The Summer Workout Plan is a weekly series breaking down what certain players can do to take their game to another level this season. After looking at what the next step is for Toronto Raptors forward OG Anunoby, we're putting Lonzo Ball's game under a microscope this week.
The Los Angeles Lakers selected Lonzo Ball with the No. 2 pick in the 2017 NBA Draft thinking he'd be the leader of their offence for years to come.
Then the Lakers signed LeBron James to a four-year contract this offseason.
The move won't change Ball's game dramatically - he's never been the type of player who needs to dominate the ball to make an impact - but it does put more pressure on the 20-year-old to improve his jump shot. LeBron has always been at his best when he's surrounded with players who can space the floor at a high rate, and Ball will likely struggle to succeed next to the four-time MVP if he's unable to be a greater threat from 3-point range than he was last season.
Ball at least proved he's not afraid to take 3-pointers in volume in his rookie campaign, which separates him from Rajon Rondo, the veteran gunning for his spot in the starting lineup heading into training camp. Compared to the other players in his draft class, Ball took the sixth-most 3-pointers in the league last season. He also became one of only 11 players in NBA history to attempt at least 5.0 3-pointers per game as a rookie.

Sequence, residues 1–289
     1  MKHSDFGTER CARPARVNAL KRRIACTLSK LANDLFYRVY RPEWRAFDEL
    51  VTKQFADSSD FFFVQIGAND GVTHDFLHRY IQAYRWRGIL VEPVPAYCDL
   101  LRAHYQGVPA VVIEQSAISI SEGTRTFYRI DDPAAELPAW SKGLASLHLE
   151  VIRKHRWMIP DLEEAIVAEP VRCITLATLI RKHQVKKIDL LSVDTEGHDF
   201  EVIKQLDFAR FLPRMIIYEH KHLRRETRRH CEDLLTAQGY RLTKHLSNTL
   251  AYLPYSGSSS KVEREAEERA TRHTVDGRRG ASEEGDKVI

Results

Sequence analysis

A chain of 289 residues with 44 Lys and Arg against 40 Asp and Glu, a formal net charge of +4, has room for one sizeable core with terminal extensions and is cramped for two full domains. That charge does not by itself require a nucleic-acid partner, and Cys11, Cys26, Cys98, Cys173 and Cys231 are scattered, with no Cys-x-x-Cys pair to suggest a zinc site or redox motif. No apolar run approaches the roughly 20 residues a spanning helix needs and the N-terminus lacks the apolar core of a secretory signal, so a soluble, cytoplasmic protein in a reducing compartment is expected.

The problem was Ball made 30.5 percent of those opportunities.
While some of that number was brought down by him converting less than a third of his 3-point attempts off the dribble - a shot almost every first-year player struggles with - Ball wasn't significantly better in catch-and-shoot situations. Of the 151 players who took at least 150 catch-and-shoot 3-pointers in 2017-18, only 10 converted a lower percentage than the Lakers point guard. It contributed to Ball ranking in the 49.5 percentile in spot-up efficiency.
Ball did show some signs of improvement as the season progressed, though. Following a rough start, he combined to make 40.6 percent of his catch-and-shoot 3-point attempts in games played between December and February. It was more in keeping with what he displayed in his freshman season at UCLA, when he made 44.6 percent of his catch-and-shoot 3-point attempts.
"I can shoot," Ball told ESPN in the second half of the season. "I just missed at the beginning of the year. I told you I was going to keep shooting, and now they are going in."
He came back down to earth in March, but Ball still had some notable performances from behind the arc that month, the most memorable being when he knocked down six triples in a comeback win against the Spurs in San Antonio. Half of those 3s were set up by his teammates on passes you can imagine LeBron making to him next season.
If that was a sign of things to come, Ball will have no problem fitting in with LeBron. Not only was his usage rating on the lower end for a starting guard last season, Ball's strengths align well with LeBron's. He has the vision to set the 14-time All-Star up for the types of easy buckets he didn't get in his final season with the Cleveland Cavaliers, the cutting ability to thrive off-ball and the versatility to take some of the pressure off of him on defence.
Throw in Ball's play in the open court, and he has the potential to be LeBron's dream point guard.
That's a big if for someone who was one of the worst 3-point shooters in the entire league as a rookie, but it gives Ball a clear path to starting on the Lakers this season and helping Los Angeles becoming a Western Conference powerhouse again sooner rather than later.